Government can do more to help local ICT companies expand

PUBLISHED : Friday, 05 February, 2016, 5:32pm
UPDATED : Friday, 05 February, 2016, 5:32pm

Hong Kong has finally launched strategic initiatives in the important area of innovation technology, through the establishment of the Innovation and Technology Bureau and policies announced in Chief Executive Leung Chun-ying’s last full-term policy address.

While strategic plans towards enhancing facilities and resources for conducting local R&D, supporting information and communications technology (ICT) start-ups, propelling the development of smart city or well positioning Hong Kong in the “One Belt, One Road”, are encouraging, the government needs to further take tangible action and address areas of ICT talent cultivation and actualising innovation.

While we welcome the Applied Research Fund, Cyberport Macro Fund, Innovation and Technology Venture Fund and Innovation and Technology Fund for Better Living, we look forward to further details regarding their respective granting criteria.

Similarly, we should back government efforts to revitalise Hong Kong with high valued and high tech-based manufacturing, an aggressive plan to double free Wi-fi hot spots, and an Open Data project for public and private sectors. However, enhancing infrastructure and hardware is not going to unleash Hong Kong’s full potential.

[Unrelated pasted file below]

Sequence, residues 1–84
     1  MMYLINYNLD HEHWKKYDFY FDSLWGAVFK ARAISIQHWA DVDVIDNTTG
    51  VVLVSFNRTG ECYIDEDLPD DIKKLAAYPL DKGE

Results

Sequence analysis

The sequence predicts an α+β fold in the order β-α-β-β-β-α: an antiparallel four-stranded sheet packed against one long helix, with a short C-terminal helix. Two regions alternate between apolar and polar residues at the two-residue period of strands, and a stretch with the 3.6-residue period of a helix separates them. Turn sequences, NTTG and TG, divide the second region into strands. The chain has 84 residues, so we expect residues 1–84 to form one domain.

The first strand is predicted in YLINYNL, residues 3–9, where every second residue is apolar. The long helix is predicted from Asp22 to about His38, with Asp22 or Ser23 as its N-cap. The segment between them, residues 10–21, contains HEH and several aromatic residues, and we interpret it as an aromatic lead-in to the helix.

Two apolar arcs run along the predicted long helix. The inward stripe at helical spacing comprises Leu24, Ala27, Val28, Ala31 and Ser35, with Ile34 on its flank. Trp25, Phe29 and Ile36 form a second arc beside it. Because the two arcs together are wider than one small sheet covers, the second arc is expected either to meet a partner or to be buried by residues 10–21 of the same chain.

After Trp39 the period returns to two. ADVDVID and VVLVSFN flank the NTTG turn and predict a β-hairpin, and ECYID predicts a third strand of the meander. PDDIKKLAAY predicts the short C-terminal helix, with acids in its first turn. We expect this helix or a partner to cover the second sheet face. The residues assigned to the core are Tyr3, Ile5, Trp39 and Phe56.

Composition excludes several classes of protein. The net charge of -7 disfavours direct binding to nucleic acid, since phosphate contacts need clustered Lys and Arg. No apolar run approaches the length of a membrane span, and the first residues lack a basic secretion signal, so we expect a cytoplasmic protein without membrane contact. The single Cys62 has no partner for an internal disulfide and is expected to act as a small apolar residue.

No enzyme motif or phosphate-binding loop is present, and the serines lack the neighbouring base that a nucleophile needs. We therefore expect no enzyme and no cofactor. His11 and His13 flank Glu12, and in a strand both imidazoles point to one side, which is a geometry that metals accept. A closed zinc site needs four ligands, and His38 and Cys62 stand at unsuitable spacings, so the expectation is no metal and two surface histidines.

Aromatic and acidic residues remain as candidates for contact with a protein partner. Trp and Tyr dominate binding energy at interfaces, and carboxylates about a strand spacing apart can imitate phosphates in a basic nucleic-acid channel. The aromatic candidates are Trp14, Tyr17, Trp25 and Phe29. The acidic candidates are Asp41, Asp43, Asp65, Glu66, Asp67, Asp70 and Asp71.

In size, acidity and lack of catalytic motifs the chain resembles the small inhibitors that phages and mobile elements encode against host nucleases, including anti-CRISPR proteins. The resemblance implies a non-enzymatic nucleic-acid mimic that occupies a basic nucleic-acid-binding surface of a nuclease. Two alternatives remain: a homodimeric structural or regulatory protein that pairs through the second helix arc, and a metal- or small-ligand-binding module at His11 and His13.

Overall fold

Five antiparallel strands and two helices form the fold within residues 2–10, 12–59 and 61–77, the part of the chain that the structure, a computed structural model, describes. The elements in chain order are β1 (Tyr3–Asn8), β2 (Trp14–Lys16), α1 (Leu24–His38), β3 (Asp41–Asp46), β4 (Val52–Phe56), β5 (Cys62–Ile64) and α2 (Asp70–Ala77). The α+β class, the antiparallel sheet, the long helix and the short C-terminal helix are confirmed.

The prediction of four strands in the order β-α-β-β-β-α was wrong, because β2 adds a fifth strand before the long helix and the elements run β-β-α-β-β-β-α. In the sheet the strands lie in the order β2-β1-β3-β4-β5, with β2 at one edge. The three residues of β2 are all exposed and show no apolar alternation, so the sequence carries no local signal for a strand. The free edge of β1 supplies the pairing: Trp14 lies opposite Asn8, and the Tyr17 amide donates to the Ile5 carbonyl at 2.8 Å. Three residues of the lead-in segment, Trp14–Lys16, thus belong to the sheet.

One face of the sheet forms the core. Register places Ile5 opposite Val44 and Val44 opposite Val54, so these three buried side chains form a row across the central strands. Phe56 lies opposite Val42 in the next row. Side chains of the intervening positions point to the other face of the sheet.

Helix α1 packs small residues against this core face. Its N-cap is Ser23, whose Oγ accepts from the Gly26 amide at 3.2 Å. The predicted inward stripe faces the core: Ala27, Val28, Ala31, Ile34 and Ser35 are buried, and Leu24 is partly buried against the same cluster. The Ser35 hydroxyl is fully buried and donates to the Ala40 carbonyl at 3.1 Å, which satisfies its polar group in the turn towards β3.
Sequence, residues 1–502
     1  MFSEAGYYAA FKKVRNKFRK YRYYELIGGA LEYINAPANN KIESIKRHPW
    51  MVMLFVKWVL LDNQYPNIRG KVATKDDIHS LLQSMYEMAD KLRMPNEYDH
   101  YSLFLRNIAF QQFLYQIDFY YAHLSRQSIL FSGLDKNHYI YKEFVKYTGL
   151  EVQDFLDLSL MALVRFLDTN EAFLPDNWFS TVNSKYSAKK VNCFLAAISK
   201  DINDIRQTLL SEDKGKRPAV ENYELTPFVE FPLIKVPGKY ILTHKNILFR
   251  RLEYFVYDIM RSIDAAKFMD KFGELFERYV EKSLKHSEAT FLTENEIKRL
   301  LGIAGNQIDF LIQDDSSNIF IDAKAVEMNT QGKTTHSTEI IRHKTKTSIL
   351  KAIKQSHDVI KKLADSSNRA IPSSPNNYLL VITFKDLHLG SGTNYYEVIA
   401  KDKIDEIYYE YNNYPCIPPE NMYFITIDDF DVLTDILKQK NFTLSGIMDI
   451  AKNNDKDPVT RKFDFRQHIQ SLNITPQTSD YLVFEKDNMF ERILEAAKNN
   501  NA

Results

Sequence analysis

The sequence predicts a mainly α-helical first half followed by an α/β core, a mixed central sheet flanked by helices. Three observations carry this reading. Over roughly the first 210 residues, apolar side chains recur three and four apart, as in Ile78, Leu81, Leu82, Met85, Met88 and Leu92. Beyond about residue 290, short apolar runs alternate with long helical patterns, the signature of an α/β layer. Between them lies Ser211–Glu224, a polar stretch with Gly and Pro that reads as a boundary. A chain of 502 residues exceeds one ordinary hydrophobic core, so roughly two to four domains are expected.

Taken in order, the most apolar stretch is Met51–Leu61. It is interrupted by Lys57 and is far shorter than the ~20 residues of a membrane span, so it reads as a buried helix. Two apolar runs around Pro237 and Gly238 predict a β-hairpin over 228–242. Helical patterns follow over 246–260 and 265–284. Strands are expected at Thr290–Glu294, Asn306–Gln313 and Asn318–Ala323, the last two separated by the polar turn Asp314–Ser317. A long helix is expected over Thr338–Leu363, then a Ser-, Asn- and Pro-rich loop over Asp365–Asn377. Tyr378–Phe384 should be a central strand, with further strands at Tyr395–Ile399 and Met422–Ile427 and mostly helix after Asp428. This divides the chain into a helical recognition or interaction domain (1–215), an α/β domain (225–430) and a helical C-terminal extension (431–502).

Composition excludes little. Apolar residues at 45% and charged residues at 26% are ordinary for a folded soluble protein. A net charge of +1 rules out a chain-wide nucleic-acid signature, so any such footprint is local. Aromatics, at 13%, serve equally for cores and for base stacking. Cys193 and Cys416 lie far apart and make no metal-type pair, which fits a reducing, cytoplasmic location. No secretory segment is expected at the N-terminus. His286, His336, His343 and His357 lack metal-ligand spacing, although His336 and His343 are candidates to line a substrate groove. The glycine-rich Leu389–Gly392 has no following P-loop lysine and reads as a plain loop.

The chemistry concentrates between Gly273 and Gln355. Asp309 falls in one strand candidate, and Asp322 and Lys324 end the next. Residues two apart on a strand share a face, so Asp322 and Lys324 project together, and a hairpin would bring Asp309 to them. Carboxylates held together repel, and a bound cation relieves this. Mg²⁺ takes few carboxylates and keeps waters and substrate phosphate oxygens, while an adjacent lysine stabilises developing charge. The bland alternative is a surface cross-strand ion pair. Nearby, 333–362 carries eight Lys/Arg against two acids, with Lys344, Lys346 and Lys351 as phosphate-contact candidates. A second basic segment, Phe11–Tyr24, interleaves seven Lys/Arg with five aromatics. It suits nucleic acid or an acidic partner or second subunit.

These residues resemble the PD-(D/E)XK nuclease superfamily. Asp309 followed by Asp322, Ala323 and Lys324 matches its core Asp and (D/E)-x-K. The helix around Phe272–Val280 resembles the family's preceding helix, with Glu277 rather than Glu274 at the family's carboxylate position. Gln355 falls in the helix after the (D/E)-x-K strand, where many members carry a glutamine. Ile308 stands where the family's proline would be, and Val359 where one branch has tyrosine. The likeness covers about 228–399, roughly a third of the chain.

A talent shortage in the ICT sector is a huge obstacle to being able to successfully develop Hong Kong as a knowledge-based society. The government, which has failed to address this urgency, needs to provide immediate support to the training and cultivation of ICT talents and skills which are in great demand by all disciplines, industries and sectors.

While the strategic focus on science, technology, engineering and mathematics education is much appreciated and helpful to our future, in the near and medium term, emphasis on ICT human talent has not been given the level of support provided to, for example, the aviation industry, or the finance and insurance sector.

Finally, we hope to see an important strategic preference shown to local ICT-related companies, especially our start-ups, with the government’s procurement of ICT products and services that are conceived, designed and produced in Hong Kong.

This initiative would provide, as it does in many other economies, the impetus for effective recognition, product and service verification and credible reference for our ICT companies and would enable them to expand globally.

Michael Leung, president, Hong Kong Computer Society